Newer RA drugs no better than old in keeping patients at work
But early, aggressive treatment does halt trend in increasing time off
Tuesday, 02 July 2013
People with rheumatoid arthritis whose disease has not responded well to methotrexate have no less time off work when taking a biological agent than those using conventional treatment, research has shown. But the authors of the study, published in JAMA Internal Medicine, point out that early, aggressive treatment does partly reverse the trend in taking increasing time off.
Researchers in Sweden recruited 204 people with RA in whom disease activity was not low despite 3-4 months’ methotrexate therapy. They assigned participants to either additional biological treatment with infliximab (105 patients) or to conventional combination treatment with sulfasalazine plus hydroxychloroquine (99 patients). They followed them for 21 months, recording monthly sick leave and disability pension days.
After this period, biological treatment was superior in terms of radiological changes. But this did not translate to a statistically significant difference in the amount of work lost. At the beginning of the study, the mean work loss in both groups had been 17 days per month – at 21 months, people in the infliximab group were losing 4.9 fewer work days per month on average than they had been losing at baseline, and those in the conventional treatment group were losing 6.2 days fewer.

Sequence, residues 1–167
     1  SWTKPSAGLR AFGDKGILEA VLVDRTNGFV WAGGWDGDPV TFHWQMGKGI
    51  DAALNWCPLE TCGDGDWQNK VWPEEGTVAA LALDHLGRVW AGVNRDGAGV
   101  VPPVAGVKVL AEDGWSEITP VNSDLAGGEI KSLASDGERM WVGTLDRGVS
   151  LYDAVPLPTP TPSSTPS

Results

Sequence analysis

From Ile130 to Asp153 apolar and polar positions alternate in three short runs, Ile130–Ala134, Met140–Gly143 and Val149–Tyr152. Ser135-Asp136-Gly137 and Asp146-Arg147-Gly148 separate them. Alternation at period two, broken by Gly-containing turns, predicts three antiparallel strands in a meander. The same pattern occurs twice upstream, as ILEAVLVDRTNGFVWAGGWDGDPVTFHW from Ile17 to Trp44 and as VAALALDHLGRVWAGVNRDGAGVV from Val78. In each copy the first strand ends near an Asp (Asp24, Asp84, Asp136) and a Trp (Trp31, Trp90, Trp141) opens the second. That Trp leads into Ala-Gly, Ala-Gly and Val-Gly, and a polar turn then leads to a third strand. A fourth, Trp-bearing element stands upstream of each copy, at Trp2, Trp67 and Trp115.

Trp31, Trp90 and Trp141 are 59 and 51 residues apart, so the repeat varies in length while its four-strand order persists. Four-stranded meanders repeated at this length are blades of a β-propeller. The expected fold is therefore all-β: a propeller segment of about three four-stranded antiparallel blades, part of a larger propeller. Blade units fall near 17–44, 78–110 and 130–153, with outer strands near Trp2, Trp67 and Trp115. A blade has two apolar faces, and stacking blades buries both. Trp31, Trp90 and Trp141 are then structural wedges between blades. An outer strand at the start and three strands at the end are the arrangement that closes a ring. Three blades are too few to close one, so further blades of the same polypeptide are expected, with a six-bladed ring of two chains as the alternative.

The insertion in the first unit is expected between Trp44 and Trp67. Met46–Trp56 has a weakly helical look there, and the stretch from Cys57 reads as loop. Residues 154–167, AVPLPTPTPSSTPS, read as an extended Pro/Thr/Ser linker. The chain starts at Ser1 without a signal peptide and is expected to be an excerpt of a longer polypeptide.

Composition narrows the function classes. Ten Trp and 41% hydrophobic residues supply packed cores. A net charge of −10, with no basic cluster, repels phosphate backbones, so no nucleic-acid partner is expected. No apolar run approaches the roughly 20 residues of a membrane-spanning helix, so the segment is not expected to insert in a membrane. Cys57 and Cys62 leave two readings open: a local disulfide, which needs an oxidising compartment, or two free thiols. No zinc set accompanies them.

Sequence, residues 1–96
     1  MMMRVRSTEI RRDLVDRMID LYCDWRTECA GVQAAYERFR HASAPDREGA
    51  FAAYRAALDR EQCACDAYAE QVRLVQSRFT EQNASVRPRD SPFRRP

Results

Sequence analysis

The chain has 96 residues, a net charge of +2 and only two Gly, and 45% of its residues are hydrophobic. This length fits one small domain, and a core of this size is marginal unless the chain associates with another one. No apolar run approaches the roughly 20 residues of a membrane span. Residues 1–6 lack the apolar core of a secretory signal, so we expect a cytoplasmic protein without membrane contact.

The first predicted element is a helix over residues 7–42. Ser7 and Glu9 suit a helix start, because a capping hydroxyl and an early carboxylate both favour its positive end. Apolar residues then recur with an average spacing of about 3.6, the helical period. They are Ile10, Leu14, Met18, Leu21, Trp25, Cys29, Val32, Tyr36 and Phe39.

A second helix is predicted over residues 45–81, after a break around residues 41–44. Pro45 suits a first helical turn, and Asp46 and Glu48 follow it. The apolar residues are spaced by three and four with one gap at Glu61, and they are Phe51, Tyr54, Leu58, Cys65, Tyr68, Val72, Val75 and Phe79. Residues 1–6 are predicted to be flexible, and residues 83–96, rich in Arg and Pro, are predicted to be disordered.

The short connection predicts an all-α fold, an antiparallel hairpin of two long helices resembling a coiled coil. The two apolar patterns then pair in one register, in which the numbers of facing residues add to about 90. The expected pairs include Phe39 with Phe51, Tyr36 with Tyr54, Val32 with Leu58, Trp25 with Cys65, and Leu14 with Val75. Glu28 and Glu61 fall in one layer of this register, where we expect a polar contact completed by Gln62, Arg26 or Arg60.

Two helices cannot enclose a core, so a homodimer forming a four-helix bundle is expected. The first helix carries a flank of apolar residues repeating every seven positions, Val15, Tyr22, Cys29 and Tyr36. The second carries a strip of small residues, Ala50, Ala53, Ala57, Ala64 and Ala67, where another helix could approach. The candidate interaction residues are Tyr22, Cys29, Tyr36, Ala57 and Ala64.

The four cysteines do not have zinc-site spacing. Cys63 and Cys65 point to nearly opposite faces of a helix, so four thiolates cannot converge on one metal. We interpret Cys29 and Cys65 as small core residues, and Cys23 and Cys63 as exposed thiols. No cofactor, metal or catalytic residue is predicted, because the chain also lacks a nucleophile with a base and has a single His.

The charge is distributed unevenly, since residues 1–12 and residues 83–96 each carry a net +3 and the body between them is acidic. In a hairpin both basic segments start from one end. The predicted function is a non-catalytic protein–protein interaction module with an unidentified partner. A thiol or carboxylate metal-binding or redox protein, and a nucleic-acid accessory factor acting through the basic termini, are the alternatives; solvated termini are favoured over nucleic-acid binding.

The study’s authors said: “Our analysis showed that early and aggressive treatment in methotrexate-resistant patients not only stops the trend of increasing work loss days, as in patients with mainly established RA, but partly reverses it.
“However, we did not find any difference between treatment arms, indicating that the significantly improved disease control associated with infliximab treatment over a one-year period and the better radiological results after two years did not translate into less work loss.”
They concluded: “The substantially higher cost of infliximab relative to conventional treatment needs to be weighed against the greater incidence of short-term adverse events leading to discontinuation of conventional treatment.”